Bank to pay $175 million in unfair lending lawsuit
Wells Fargo allegedly allowed for steering minorities into taking higher rates
WASHINGTON – Wells Fargo Bank, the nation’s largest originator of mortgages, agreed Thursday to a $175 million settlement with the Justice Department, which alleged the bank steered minorities into more expensive subprime loans with higher interest rates when they qualified for lower ones.
The settlement with the department’s Civil Rights Division still requires court approval, but it would be the second largest ever, falling short only of the $335 million settlement with Countrywide, a mortgage lender that was swallowed up by Bank of America.
In a consent order unveiled Thursday, the government alleged that bank regulators in 2009 determined that “there was reason to believe that Wells Fargo placed African-American applicants in the subprime mortgage lending channel … more frequently than similarly situated white applicants during the period from 2004 to 2008.”
Those dates correspond to the boom in subprime lending, where loans were given to the least creditworthy borrowers, often in the form of adjustable-rate mortgages that began with low teaser rates but later jumped to much higher rates, often to double digits. The change in rates greatly increased monthly payments for homeowners.
These loans were then pooled together by Wall Street investment banks into complex bonds, which were given top investment-grade ratings by complicit ratings agencies such as Moody’s Investors Service and sold as safe bets to unsuspecting buyers. That house of cards fell apart in 2008 as homeowners began to default, taking down two giant banks, bringing about a housing crisis that exploded into a full-blown financial crisis and the deepest economic downturn since the Great Depression.
The Justice Department began its own probe in May 2009 into the lender’s practices, bringing suit in 2010. The agency alleges that the lender gave its officers and third-party mortgage brokers in the Mid-Atlantic region wide berth to steer African-American and Hispanic borrowers into higher-rate loans. The practices were alleged to have affected about 4,000 borrowers.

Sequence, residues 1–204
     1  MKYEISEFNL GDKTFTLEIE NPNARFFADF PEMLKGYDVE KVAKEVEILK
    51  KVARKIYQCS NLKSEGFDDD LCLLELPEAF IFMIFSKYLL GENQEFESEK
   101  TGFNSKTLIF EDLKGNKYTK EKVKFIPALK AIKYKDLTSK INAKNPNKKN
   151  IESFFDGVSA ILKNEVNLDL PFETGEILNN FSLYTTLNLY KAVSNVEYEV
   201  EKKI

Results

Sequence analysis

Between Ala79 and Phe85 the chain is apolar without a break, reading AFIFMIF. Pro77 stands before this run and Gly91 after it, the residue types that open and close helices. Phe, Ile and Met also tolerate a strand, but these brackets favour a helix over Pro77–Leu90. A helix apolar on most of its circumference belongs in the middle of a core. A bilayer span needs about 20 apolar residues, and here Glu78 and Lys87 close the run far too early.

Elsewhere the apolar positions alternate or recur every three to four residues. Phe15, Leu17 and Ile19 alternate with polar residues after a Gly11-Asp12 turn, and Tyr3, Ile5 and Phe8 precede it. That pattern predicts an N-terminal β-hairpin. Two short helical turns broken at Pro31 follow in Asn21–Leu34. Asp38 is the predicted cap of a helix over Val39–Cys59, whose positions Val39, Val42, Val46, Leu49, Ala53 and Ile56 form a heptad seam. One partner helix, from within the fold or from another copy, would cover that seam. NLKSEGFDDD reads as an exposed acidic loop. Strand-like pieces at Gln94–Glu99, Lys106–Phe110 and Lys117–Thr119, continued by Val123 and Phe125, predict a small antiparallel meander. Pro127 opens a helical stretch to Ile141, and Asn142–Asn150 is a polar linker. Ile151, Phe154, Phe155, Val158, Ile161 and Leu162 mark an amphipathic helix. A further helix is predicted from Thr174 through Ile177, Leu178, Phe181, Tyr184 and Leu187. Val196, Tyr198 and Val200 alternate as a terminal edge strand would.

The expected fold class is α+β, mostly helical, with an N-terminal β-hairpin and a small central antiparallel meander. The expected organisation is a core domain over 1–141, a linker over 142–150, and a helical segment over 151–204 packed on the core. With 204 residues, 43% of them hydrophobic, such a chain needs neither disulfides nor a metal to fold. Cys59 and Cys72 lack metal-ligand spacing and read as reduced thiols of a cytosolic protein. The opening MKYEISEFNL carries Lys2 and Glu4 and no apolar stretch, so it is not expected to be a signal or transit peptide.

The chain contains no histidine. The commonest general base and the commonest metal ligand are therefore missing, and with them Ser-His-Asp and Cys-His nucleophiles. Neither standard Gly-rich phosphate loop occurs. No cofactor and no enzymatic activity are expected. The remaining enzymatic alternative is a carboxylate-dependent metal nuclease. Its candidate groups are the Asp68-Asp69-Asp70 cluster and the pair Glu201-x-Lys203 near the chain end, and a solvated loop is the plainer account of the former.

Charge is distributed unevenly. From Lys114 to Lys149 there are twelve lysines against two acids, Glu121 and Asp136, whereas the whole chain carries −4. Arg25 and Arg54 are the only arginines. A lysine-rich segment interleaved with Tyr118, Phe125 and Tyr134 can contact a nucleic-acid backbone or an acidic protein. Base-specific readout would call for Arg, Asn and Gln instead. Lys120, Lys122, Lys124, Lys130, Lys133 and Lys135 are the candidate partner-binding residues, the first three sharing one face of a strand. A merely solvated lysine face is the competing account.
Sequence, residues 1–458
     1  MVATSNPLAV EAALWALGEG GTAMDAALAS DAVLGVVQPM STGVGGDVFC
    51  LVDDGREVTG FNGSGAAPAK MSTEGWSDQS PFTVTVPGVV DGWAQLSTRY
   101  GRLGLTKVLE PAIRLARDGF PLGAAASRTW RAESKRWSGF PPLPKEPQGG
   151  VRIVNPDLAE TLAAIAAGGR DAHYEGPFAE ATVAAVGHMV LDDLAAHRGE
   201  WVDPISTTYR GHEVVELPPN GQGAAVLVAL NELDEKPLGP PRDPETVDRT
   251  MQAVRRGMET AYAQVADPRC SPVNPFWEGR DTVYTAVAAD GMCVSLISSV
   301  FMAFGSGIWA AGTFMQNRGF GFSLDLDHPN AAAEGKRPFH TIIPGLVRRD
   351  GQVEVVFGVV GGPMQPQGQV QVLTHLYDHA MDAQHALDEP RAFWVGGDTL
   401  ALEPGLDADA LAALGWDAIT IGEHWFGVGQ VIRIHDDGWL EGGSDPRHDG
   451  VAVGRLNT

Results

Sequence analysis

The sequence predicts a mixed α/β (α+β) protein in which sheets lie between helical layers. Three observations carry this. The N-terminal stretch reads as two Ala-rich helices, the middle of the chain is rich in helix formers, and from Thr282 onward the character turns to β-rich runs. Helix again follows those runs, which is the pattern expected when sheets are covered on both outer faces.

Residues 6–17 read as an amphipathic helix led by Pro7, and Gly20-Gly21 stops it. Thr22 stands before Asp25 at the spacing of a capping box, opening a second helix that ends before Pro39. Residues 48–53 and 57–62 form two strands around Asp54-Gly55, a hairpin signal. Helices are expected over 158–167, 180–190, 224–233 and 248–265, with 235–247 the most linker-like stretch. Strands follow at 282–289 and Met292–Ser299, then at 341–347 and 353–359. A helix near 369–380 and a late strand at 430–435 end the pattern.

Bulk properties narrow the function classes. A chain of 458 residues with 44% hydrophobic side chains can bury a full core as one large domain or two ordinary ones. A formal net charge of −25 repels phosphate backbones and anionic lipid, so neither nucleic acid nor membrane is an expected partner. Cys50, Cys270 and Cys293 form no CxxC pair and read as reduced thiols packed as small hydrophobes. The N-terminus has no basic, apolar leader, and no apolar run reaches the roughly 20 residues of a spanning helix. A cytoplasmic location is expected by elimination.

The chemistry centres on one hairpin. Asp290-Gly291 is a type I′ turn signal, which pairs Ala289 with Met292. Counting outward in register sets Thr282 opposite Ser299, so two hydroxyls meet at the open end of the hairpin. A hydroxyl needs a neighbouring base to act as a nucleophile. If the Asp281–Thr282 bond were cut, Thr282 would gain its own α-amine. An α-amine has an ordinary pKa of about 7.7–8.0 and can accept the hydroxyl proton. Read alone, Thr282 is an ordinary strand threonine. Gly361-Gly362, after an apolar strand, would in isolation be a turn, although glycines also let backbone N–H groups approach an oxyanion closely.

“The department’s action makes clear that we will hold financial institutions accountable, including some of the nation’s largest, for lending discrimination. An applicant’s creditworthiness, and not the color of his or her skin, should determine what loans a borrower qualifies for,” Deputy Attorney General James Cole said in announcing the settlement.
Wells Fargo, in the joint consent order, said it had done nothing wrong but was willing to pay upward of $175 million to avoid further litigation. It will provide $125 million to compensate affected borrowers and contribute an additional $50 million to a program that helps borrowers make down payments in eight metro areas: Baltimore, Chicago, Cleveland, Los Angeles, New York, Oakland/San Francisco, Philadelphia and Washington.
“Wells Fargo asserts that throughout the period of time at issue in this proceeding and to the present, it has treated all of its customers fairly and without regard to impermissible factors such as race and national origin,” the consent order said, adding that the bank had “industry-leading procedures to identify subprime loan applicants.”
The settlement is important because it puts to rest a narrative spun in some conservative circles that the housing crisis was brought about by government-sponsored mortgage giants Fannie Mae and Freddie Mac, which forced banks to lend to minorities. The allegations raised by the Justice Department suggest minorities were sought out and put into higher-cost loans than similarly situated white borrowers in the four jurisdictions covered in the complaint.
Minorities were often steered into unsuitable subprime mortgages, the consent order said, by mortgage brokers who were compensated by lenders for getting them into mortgages with a higher interest rate when they qualified for a prime rate, or an Alt-A mortgage, both of which carried lower interest rates. Brokers had no fiduciary duty to the borrower, though few borrowers knew that.
This form of legalized kickback was called a yield-spread premium, and the practice was largely banned in April 2011 when the Federal Reserve, which implements the Truth in Lending Act, changed the way brokers are compensated for steering loans to lenders.